The diversion of resources overtime is maintained not only by the power of the dominant states but also through the power of elites in the dependent states. Dependency theorists argued that these elites maintained a dependent relationship because their private interests coincided with the interest of the dominant states.

The relevance of dependency theory in today’s world

 Within the main theme of dependency, we can see several dependencies and inequalities in play – dependency in trade, in finance and in technology. As Dos Santos argued, “trade relationships are based on monopolistic control of the market which leads to transfer of surplus generated in independent countries to the dominant countries” (Dos Santos 1970:231). In that sense, the dependent countries became exporters of raw materials and primary goods, and were unable to compete with the core, developed states.

This discrepancy still persists today, in one form or another. For example, developing countries are still affected by tariff barriers. The prices of primary goods are decreasing in the global market which is affecting developing countries and their ability to develop.

Dos Santos already argued in the 1970s that in the dependency framework the financial relations are largely regulated by the viewpoint of the dominant countries based on loans and export of capital, which permitted them to receive interest and profit, engendered domestic surpluses and strengthened their control over the economies of the other countries (Dos Santos 1970:233). This is still what we see today.

Dependency scholars also argued that when developing countries opened their financial markets and integrated into the world economy, foreign capital controlled their economic resources and, rather than following a developmental strategy, a particular financial interest prevailed. This, too, is what we see in the contemporary global political economy.  

Technological dependency is another important aspect in explaining global inequalities. Dependency scholars argued that the core had a technological monopoly that conditioned the periphery’s industrial development. The transfer of technology, if there was any, was more beneficial for the core countries as it protected their interests and left developing nations dependent on the monopoly of the core. It was, dependency scholars argued, too costly for developing countries to produce their own technology.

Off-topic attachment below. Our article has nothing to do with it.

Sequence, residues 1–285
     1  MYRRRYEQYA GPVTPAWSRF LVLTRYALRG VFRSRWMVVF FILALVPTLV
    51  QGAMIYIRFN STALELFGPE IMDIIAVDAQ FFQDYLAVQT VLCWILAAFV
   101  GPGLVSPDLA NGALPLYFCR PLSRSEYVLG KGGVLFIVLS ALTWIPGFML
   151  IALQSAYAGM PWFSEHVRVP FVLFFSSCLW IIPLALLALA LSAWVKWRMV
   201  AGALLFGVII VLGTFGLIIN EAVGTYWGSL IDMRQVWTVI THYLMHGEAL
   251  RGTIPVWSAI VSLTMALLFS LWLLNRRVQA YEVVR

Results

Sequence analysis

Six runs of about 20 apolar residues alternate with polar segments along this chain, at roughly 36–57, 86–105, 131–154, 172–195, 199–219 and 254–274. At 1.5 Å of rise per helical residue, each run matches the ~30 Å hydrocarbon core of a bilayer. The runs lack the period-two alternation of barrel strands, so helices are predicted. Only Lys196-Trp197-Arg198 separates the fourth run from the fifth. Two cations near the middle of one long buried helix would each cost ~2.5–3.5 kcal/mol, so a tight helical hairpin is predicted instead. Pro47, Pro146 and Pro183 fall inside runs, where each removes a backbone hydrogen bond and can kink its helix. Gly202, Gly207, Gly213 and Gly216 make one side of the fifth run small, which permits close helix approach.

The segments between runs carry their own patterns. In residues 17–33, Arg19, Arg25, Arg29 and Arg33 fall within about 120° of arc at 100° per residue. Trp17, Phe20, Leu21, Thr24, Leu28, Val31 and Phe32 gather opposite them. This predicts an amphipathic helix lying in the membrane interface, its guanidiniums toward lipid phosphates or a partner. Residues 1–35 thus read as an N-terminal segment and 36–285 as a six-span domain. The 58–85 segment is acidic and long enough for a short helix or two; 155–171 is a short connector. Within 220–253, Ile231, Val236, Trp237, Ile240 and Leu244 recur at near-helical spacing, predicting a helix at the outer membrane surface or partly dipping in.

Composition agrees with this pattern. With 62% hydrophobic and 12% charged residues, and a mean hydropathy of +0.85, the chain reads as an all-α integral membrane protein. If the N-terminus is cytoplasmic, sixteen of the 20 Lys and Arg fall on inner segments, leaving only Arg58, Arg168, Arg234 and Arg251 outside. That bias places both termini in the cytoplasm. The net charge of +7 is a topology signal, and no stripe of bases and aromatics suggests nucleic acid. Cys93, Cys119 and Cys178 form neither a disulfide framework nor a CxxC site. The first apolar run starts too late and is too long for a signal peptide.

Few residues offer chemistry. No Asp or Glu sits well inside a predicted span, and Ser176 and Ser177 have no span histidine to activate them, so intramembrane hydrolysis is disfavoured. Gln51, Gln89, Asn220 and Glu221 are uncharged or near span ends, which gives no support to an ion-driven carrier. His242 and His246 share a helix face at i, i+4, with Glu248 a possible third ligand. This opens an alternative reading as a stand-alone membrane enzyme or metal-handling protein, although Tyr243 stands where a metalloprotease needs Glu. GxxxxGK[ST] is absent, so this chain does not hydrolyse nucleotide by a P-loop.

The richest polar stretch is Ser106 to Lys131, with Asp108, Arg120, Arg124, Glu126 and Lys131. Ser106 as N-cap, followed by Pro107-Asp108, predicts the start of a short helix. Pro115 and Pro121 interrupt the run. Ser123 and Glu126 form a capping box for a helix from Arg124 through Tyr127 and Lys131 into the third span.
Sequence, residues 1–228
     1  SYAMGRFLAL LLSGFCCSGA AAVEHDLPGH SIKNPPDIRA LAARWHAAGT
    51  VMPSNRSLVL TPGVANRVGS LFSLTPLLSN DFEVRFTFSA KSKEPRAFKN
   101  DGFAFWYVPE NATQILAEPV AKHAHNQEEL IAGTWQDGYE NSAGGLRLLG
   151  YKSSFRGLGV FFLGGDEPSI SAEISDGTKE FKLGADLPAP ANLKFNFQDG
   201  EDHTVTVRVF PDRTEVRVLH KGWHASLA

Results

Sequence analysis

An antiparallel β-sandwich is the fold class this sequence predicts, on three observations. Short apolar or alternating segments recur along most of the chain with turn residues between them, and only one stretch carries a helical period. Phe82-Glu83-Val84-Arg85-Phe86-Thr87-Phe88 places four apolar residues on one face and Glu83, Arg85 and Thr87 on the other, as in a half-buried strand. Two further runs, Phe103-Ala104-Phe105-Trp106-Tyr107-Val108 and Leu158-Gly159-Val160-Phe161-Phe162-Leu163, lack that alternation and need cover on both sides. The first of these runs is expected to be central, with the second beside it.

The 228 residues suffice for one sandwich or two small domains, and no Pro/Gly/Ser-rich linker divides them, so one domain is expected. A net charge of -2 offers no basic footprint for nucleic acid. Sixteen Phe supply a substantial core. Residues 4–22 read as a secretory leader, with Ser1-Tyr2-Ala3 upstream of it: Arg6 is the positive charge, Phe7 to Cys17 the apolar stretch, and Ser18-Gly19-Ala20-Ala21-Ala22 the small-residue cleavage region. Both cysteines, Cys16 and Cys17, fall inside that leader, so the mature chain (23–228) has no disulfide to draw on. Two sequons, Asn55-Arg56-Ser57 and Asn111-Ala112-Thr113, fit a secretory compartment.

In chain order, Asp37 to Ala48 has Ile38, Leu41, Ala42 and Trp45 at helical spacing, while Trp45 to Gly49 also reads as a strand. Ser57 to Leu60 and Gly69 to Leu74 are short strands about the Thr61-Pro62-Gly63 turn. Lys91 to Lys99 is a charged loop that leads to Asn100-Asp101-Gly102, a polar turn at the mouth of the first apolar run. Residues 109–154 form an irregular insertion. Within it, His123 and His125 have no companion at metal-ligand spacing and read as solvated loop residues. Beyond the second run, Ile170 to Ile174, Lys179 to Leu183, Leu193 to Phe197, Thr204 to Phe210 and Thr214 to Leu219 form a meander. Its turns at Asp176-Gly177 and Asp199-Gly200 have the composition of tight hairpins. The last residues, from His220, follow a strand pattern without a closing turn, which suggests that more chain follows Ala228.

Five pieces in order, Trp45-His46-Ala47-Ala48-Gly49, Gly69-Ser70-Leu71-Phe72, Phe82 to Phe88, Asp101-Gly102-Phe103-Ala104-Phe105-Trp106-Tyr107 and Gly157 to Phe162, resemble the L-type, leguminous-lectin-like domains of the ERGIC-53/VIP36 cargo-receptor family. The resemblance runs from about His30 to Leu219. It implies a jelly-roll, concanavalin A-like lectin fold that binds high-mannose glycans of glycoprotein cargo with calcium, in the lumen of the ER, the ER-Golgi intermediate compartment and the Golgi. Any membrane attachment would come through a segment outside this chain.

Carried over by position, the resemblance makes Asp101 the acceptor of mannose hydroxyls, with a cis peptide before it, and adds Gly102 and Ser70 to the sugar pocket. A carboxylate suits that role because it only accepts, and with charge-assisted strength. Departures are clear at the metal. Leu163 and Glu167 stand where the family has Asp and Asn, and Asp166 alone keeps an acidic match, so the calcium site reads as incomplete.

On some occasions, however, dependency limited the technology transfer to the periphery and dominant states only deposited obsolete technologies to developing countries generating a system of inherent industrial backwardness and dependency. This left the least developed countries to rely on developed or developing countries’ new technologies as major technological innovations and gain in productivity largely occurred in developed countries and the least developed countries found themselves lagging and unable to compete in areas of new product development and production (Balaam, 2006: 336). 

If we look at the amount of substandard technology and used digital products that are dumped in the developing world today, we can clearly see that propositions made by dependency scholars in relation to “technology transfer” still exist today. When it comes to valuable technology, be it digital or medical, developing countries are still largely dependent on the so-called core countries.

Dependency theory and the global financial crises

 Karl Marx saw capitalism as a progressive historical stage that would eventually stagnate due to internal contradictions and be replaced by socialism.

If we take a close look at the history, we can see that human experiences of capitalism have resulted bitterly. We saw a huge slump in the form of the great depression in 1930 followed by the great recession of 2008, which is considered as the worst global financial crisis since the great depression. In the hindsight of the crisis of 2008, dependency theory provides an opportunity in explaining global inequalities.